F. Scott Fitzgerald: The Crack-Up (2229 words)

The Crack-Up (1945) was a volume that drew together previously uncollected material by and about F. Scott Fitzgerald (1896-1940). It includes eight articles; many extracts from his notebooks; letters to friends and to his daughter, Frances Scott (“Scottie”) Fitzgerald (1921-86); three letters from older writers about The Great Gatsby (1925); two letters from writers of his own generation; and three essays, and two poems, about Fitzgerald. The collection was edited by Fitzgerald’s friend from his undergraduate days at Princeton University, the leading critic Edmund Wilson (1895-1972), who also provided its “Dedication” in the form of a poem. In the volume’s title article, Fitzgerald described Wilson as the man …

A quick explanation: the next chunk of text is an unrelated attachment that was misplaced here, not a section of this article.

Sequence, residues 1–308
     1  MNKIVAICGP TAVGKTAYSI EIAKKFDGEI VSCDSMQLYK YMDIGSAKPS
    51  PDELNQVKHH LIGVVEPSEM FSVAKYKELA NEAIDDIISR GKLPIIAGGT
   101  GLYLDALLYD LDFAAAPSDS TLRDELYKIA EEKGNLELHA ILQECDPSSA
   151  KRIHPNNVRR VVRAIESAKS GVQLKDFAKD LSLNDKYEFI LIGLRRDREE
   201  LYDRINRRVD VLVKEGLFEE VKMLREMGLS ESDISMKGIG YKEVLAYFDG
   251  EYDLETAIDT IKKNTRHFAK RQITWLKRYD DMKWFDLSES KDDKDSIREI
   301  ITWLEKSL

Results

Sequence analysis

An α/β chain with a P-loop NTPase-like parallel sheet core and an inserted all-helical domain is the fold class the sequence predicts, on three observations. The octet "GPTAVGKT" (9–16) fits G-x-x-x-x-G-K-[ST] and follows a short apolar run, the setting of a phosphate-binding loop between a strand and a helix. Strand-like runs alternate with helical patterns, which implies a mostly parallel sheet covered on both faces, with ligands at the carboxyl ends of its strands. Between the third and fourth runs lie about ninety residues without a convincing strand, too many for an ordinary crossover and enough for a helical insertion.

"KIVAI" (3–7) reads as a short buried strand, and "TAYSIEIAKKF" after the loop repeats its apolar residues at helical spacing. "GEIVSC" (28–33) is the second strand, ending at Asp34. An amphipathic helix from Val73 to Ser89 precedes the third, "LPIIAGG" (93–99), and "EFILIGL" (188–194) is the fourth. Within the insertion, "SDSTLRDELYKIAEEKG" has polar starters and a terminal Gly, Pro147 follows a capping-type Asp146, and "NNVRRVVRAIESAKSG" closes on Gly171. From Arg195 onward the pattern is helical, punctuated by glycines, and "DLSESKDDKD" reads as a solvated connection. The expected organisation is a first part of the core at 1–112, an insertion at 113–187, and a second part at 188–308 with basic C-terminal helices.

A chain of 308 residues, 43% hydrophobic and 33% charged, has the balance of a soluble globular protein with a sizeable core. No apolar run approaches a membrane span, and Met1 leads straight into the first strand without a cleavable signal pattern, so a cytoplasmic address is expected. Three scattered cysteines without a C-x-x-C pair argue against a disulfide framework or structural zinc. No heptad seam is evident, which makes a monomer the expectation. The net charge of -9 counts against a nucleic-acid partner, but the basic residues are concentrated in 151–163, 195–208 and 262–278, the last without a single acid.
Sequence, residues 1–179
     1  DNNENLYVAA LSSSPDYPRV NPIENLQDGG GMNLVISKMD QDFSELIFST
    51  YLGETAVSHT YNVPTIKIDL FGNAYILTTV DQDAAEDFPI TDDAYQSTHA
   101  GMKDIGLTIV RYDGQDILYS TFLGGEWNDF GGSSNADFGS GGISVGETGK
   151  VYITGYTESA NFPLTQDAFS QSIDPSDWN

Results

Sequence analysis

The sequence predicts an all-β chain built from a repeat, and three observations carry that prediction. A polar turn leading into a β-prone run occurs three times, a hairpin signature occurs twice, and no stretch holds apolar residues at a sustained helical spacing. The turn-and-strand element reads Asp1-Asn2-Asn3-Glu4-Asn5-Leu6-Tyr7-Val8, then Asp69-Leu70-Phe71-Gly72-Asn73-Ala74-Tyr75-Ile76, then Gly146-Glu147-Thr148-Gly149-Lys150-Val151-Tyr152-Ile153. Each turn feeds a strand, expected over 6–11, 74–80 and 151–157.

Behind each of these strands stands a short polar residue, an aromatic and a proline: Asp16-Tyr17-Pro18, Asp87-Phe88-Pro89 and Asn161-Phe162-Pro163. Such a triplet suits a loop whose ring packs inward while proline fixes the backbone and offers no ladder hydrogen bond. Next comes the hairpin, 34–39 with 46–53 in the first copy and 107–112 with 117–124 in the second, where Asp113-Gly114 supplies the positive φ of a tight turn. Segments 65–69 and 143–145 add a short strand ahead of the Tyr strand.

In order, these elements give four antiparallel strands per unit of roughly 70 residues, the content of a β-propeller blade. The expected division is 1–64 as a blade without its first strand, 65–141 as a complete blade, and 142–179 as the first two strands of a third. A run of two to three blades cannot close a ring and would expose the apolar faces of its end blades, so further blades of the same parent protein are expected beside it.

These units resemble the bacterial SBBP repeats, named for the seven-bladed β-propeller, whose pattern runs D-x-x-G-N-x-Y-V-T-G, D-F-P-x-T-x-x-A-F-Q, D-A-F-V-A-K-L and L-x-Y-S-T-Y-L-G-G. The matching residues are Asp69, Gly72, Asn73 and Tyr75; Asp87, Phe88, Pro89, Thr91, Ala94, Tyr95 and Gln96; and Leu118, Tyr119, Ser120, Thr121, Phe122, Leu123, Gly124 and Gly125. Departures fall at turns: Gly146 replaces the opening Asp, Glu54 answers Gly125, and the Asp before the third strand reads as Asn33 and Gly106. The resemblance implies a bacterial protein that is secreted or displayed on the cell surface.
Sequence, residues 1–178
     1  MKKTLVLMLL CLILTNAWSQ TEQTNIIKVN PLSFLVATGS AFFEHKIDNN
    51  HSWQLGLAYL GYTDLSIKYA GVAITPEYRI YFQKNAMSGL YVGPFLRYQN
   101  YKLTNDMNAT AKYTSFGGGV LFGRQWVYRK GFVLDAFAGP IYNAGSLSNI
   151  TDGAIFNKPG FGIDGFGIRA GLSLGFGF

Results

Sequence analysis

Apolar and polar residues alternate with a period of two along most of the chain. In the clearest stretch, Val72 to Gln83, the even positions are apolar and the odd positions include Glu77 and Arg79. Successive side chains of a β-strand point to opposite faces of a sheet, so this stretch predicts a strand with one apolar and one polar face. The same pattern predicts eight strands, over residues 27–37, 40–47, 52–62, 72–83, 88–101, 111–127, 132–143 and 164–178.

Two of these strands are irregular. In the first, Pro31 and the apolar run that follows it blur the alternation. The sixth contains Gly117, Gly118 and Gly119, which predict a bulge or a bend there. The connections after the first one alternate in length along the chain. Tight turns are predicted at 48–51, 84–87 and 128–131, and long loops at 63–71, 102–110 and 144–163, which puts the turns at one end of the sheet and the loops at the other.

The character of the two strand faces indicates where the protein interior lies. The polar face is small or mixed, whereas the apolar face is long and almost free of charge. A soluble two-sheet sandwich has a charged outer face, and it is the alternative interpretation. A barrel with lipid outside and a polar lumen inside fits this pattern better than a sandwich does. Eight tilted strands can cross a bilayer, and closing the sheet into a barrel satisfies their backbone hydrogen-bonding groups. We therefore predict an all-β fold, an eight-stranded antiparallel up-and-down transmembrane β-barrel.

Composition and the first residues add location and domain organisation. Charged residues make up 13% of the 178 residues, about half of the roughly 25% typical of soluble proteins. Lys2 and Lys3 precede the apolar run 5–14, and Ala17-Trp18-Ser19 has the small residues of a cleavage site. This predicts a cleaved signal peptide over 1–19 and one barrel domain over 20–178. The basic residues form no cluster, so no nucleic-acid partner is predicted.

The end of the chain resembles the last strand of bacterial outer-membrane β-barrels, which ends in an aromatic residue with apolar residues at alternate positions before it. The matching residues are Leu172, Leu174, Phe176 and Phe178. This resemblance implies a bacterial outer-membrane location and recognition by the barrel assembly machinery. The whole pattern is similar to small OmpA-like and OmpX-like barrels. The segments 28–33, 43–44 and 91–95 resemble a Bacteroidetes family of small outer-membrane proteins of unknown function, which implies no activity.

Tredell, Nicolas. "The Crack-Up". The Literary Encyclopedia. First published 13 November 2012
[http://www.litencyc.com/php/sworks.php?rec=true&UID=34719, accessed 24 August 2017.]

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